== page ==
“We began with our old generation, which had no foundation,” Ms. Guo said. “But then all these different Jewish groups came in, bringing in different ideas and values.”
The authorities were ambivalent, hopeful that the interest from abroad could help economic development in Kaifeng — a charming yet dilapidated backwater amid China’s frenzied growth — but also wary of foreigners and of Judaism, a little-understood religion here.
“Anytime it seemed to cross the line of publicity, that’s when there always would be a pushback against the Chinese Jews,” said Moshe Yehuda Bernstein, a researcher in Perth, Australia, who has written about the revival in a forthcoming book. “The idea was: We’ll let you do it, but don’t let anybody know about it.”
But the current clampdown has gone much further than previous ones, residents said. Some blamed a report in The New York Times last year in which a city official attending a Passover banquet spoke sympathetically about the revival, apparently violating government guidelines. Others cited accounts through the community grapevine that a Jewish woman from Kaifeng had won asylum in the United States after claiming religious persecution.
“The Kaifeng Jews are in a kind of survival mode again,” said Anson Laytner, a retired rabbi in Seattle and past president of the Sino-Judaic Institute, who has worked with the Jews in Kaifeng and drawn attentionto the clampdown.
The institute pulled out of Kaifeng last year after its community worker there, Barnaby Yeh, came under police scrutiny. “I think it was the actions of a government that’s paranoid,” said Mr. Yeh, a Taiwanese-American convert to Judaism now living in Maryland.
Shavei Israel, which had been helping Kaifeng Jews visit and settle in Israel, was forced by the police to close its community center in 2014. Residents tried to keep the center going in a rented apartment, but that was ordered closed this year, one of them said.
Even signs of the Jewish historical presence have been erased. An inscribed stone marking the site of the old synagogue was removed from the front of a hospital that occupies the grounds, and workers buried the ancient well behind the hospital. Two hospital employees said city officials had ordered the changes.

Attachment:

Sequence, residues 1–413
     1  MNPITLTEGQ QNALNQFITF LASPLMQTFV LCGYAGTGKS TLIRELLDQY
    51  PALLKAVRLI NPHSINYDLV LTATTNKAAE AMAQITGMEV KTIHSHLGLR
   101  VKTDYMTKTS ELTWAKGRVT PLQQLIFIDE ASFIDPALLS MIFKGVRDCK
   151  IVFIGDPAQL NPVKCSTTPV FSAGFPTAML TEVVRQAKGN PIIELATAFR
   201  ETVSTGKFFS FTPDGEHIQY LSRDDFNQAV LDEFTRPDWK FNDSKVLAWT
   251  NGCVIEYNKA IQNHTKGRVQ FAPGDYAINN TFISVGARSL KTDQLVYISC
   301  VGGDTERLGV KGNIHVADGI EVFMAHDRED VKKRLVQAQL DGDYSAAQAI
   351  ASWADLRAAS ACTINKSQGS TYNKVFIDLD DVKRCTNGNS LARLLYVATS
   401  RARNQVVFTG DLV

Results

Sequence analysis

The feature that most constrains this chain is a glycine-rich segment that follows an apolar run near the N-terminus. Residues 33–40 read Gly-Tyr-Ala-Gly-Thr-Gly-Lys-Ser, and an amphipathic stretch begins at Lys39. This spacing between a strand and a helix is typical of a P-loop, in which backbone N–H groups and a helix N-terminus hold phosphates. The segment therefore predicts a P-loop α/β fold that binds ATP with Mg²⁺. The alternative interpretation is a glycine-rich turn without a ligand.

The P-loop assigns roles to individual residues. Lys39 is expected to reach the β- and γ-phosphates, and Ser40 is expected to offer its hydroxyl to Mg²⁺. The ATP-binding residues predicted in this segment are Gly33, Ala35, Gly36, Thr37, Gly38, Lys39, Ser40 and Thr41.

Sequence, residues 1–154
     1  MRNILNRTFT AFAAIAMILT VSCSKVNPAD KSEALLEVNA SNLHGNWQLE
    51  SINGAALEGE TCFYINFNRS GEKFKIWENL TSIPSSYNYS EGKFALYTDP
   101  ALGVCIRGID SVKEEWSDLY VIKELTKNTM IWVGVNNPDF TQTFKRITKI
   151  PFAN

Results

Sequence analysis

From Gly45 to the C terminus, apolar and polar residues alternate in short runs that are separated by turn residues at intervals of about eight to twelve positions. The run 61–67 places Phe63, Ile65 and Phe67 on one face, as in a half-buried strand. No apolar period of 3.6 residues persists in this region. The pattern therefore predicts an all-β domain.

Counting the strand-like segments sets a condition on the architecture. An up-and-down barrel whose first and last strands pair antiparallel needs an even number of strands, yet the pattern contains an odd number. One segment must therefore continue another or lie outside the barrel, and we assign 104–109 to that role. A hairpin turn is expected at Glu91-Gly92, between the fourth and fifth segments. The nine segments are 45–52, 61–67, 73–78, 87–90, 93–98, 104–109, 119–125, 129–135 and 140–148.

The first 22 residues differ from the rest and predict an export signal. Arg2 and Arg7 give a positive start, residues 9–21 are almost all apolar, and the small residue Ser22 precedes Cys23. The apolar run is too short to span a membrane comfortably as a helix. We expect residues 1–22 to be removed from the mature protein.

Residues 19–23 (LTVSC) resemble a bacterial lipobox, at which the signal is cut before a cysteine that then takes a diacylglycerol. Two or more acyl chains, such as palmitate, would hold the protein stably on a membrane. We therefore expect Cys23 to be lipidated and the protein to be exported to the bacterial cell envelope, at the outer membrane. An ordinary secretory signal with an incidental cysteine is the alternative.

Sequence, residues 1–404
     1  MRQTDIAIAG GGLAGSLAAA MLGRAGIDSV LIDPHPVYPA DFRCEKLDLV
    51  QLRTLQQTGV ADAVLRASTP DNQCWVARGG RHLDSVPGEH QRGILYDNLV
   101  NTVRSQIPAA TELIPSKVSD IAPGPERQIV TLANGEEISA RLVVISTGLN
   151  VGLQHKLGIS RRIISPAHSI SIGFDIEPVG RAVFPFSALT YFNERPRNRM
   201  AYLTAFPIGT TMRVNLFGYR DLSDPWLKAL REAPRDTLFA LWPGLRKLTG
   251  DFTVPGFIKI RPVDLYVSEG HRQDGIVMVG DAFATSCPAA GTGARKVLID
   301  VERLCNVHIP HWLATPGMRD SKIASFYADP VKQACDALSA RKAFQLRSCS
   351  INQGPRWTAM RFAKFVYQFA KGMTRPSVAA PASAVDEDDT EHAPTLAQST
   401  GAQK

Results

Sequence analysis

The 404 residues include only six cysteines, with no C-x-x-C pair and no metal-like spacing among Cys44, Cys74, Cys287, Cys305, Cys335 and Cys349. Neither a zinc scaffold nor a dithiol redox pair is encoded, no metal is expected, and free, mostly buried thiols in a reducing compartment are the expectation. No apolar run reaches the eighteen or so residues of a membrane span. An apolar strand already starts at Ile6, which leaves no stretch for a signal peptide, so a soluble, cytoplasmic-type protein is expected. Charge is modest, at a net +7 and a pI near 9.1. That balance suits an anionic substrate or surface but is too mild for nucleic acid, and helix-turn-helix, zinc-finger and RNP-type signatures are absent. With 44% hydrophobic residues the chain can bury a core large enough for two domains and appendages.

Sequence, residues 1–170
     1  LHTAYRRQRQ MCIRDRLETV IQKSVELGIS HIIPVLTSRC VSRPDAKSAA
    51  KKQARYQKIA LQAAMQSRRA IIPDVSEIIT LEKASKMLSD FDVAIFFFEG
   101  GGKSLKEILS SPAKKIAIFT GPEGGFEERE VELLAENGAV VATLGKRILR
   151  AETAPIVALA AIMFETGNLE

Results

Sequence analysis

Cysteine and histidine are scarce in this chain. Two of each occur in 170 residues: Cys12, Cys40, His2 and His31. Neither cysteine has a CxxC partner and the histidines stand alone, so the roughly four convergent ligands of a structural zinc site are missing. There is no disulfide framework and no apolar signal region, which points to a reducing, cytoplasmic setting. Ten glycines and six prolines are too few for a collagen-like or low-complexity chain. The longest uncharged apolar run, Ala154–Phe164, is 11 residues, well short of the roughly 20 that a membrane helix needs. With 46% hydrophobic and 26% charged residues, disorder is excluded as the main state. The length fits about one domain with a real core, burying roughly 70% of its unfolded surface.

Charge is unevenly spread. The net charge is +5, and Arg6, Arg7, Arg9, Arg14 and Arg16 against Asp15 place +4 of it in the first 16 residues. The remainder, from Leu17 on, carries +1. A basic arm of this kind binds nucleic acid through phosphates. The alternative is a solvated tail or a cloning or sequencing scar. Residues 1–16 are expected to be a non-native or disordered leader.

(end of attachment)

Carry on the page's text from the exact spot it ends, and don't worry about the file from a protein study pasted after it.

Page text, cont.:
“All this says that there are no Jews here,” one Jewish man said as he nervously looked around during an interview in a teahouse.
He was one of several Jewish residents I met in Kaifeng who said they wanted to reassure the government that they were law-abiding patriots. But they also said they were afraid of speaking publicly, even to declare their patriotism.
“Please remember, don’t make us out to be political,” the man said. “We just want recognition as Jews.”
Jews can still gather in small groups in their homes to pray, and there have been no arrests, they said. But many said police or state security officers were monitoring them.
“Before, the Chinese government was very relaxed, but now we’re under more restrictions,” said You Yong, a member of one of the city’s eight historically Jewish clans, who now observes Shabbat, the Jewish day of rest, at home.
The local office of the party’s United Front Department, which manages ethnic and religious affairs, referred questions to the city’s state security service, which deals with political threats and espionage. Officials there declined to comment.
Jewish descendants in Kaifeng do not automatically qualify as Jews under Israeli law because their ancestry has been so diluted. But Michael Freund, the chairman and founder of Shavei Israel, said the Israeli government should raise their treatment with Chinese officials.
“It needs to be done respectfully and delicately, but it needs to be done,” he said.
A spokeswoman for the Israeli Embassy in Beijing, Efrat Perri, said the embassy “recently became aware of the mentioned developments in Kaifeng” and would “look into it in order to gain a better understanding of the facts.”
The Jewish families I met in Kaifeng seemed determined to preserve their revived identity. Some decorated their homes with traditional candlesticks for Shabbat, grainy black-and-white photos of grandparents, drawings of Kaifeng’s destroyed synagogue, and maps of Israel.
One Friday evening, two couples invited me to join their Shabbat service, for which they had been studying a Torah reading.
“You don’t recognize me as a Jew,” the host said, “but I recognize myself as a Jew, and that’s what is most important.”
He broke bread with his brawny hands, and after ceremoniously drinking homemade wine, his guests shared shots of baijiu, a potent Chinese liquor.
“Judaism,” the host said, “is all about endurance.”